Nats take unconventional path to beat Tigers (updated)

Much as major league managers wish it wasn’t so, the path to victory on any given day isn’t always going to be a straight one. The Nationals made life easy on Davey Martinez during Saturday’s low-drama win over the Tigers, getting a quality start from Patrick Corbin and clutch hits from the lineup to take the lead, allowing the skipper to use his traditional bullpen alignment late to close it out.

This afternoon did not afford Martinez such luxuries. Though the Nationals stormed out of the gates to take a five-run lead and ultimately rapped out 18 hits, they still needed several escape acts from their top relievers – some of them in unfamiliar roles – to emerge with a 6-4 win over Detroit.

In order to capture this weekend series, the Nats not only needed home runs from backups Riley Adams and Ildemaro Vargas, plus another four-hit game from Jeimer Candelario against his former team. They needed Josiah Gray to gut his way through five innings of one-run ball despite six walks. And then they needed Kyle Finnegan (owner of nine saves) to pitch out of a jam in the sixth and return for the seventh, ultimately setting up Carl Edwards Jr. and Hunter Harvey to close out perhaps the weirdest win of the season.

"It was definitely weird," Martinez said. "We did some things just to get out of some jams."

Edward, Harvey and Finnegan each pitched Saturday, in that order, with Finnegan earning his ninth save of the season in a 5-2 victory. Not 24 hours later, Martinez was summoning Finnegan out of the bullpen to clean up a sixth-inning jam created by Andres Machado, then asking him to return for the seventh as well.

It wasn’t clean, but Finnegan did get through that with a two-run lead intact. Edwards then pitched a 1-2-3 eighth, and Harvey finished it off in the ninth for his second career save.

"For me, it was a big turning point right there," Martinez said of Finnegan's performance in the top of the sixth. "They had momentum, and we had to stop the fire."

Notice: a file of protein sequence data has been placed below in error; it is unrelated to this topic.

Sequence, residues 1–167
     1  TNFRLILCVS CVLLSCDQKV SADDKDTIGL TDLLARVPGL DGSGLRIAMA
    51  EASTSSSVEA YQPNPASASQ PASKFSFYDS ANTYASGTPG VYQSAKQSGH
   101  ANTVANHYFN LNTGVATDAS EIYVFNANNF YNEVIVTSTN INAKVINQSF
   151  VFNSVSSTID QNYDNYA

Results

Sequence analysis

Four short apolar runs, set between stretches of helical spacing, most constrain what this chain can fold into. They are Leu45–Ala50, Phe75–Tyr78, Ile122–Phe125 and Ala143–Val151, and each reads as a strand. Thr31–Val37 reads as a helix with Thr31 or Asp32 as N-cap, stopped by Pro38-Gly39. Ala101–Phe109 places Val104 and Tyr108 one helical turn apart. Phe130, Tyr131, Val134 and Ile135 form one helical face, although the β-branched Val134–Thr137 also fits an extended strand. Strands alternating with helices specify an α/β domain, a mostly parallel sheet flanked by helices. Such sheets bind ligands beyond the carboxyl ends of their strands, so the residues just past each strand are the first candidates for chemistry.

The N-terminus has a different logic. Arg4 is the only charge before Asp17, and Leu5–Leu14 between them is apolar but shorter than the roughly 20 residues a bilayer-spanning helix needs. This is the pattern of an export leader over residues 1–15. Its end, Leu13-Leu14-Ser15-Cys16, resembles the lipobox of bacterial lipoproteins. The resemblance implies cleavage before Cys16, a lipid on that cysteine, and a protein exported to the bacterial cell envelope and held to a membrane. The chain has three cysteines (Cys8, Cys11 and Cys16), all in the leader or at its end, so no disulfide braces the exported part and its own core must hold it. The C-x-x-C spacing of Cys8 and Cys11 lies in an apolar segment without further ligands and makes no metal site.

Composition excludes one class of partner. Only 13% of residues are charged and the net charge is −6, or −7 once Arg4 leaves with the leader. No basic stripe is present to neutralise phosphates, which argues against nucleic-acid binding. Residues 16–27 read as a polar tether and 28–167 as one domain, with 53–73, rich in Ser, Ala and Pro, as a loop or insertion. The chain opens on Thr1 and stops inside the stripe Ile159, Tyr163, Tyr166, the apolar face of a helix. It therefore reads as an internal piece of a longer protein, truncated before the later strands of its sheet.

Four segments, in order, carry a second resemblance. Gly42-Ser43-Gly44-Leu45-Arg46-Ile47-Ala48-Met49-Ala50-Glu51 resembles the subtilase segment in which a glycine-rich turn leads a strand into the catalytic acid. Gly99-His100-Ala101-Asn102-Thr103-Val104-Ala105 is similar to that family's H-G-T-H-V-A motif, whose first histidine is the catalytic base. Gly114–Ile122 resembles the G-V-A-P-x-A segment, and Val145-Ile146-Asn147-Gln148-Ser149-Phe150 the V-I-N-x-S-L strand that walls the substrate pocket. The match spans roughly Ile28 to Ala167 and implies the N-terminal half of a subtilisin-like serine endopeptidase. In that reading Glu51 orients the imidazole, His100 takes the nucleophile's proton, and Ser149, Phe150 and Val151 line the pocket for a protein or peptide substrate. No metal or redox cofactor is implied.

The Nationals set the tone for the afternoon right from the outset, jumping out to a 3-0 lead behind a barrage of first-inning hits. They had five in total, all singles, off Detroit starter Joey Wentz, including four in a row from Lane Thomas, Candelario, Joey Meneses and Stone Garrett to open their game.

Then the Nats turned to their most obvious sources of power to expand the lead: Adams and Ildemaro Vargas. OK, so maybe those two bench players aren’t typically who you think of when you need power, but on this day they were exactly what the team needed.

Adams, giving Keibert Ruiz a much-needed breather behind the plate, ambushed Wentz’s first pitch of the second and drove it deep to left for his second homer in his last three spot starts. He would finish 4-for-4, adding a single and two doubles to his homer, needing only the triple for a most unexpected cycle.

"The day as a whole, I was getting back to where I feel comfortable," Adams said. "Not expanding the zone, getting pitches in the zone and being aggressive. I'm sure we talked about it in spring training, but it's been a goal of mine to be more aggressive and swing at strikes. I think I was able to accomplish that today. That was the best part."